Charitable donations, philanthropic trends and organizations, these are terms usually associated with adult age groups. What is the most impressive part of the latest shift in cultural thinking, is how children are choosing to help others all by themselves, without guidance from an adult figurehead. Philanthropy the word has greek roots which means “for the love of humanity”. This type of giving, on small and large scales by individuals and businesses has been incredible to observe and be a part of. The addition of younger generations to the giving community is a welcomed migration from 10 years ago.
For decades, philanthropy was what people did when they acquired a grand amount of money, or grew older and wanted to help others in any way they could. Now, it does not take a wealthy person like Bill Gates to be a serial philanthropist, anyone who can give their time and effort to a good cause, even young people are a part of the movement. Younger people shop particular brands because of their commitment to charity, knowing their dollars will go to not only the company they purchase from, but others who need it more.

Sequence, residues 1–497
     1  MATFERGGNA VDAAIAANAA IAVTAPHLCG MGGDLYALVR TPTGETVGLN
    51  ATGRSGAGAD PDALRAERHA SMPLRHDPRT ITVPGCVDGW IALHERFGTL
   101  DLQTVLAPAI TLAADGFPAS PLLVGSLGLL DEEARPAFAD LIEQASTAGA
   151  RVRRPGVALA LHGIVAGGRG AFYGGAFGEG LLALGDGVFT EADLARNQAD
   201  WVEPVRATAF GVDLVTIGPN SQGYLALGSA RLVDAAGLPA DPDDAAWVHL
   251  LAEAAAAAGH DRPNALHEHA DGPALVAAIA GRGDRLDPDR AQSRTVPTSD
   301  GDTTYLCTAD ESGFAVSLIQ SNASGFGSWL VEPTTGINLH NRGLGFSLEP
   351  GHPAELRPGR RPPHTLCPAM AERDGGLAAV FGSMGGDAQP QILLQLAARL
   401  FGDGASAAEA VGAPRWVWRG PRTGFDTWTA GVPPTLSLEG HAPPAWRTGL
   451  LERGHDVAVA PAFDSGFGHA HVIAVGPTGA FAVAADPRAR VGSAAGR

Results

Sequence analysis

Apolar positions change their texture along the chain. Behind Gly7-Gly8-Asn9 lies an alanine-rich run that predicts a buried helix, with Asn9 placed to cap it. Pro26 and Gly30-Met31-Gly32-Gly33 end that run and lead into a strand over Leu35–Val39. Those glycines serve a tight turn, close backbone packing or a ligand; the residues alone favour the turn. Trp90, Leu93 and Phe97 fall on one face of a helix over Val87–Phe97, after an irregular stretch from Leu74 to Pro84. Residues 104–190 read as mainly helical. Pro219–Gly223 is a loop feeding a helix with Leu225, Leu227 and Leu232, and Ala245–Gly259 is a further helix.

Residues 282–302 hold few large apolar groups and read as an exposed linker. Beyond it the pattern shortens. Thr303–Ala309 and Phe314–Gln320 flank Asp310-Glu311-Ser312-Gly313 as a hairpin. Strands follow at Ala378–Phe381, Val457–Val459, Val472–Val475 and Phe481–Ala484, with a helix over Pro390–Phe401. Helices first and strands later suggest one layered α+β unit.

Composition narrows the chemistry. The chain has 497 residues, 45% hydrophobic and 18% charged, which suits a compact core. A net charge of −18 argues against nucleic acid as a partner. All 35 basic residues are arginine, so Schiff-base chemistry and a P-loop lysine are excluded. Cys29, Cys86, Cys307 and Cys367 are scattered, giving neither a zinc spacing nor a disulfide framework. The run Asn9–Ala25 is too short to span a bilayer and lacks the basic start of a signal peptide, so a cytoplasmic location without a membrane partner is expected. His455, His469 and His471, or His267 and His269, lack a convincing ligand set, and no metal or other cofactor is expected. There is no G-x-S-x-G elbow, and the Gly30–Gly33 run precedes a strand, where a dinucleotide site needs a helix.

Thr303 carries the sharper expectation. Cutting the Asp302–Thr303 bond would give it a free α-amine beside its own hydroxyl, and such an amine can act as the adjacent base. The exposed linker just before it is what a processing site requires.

Recently in Lawrence, Massachusetts, eight members of the Boys and Girls Club were given $5,000 to issue grants to nonprofit organizations that could use the extra monetary help. After 10 weeks of research, diving into many companies and evaluating their cause and need, the group presented their proposal to an advisory board. They awarded $2,000 to an animal adoption center for animal vaccinations. $2,000 went to a social justice program, focusing its efforts on a communal beautification program. The final $1,000 was issued to a local YMCA to use on it s outdoor leadership program for teenagers.
Exposing young people to the many trends of philanthropy starts the practice of philanthropy early in life. Once someone has caught the charity bug, it’s hard to shake, and we may be seeing a massive resurgence of youth involved with charity throughout their long lives.
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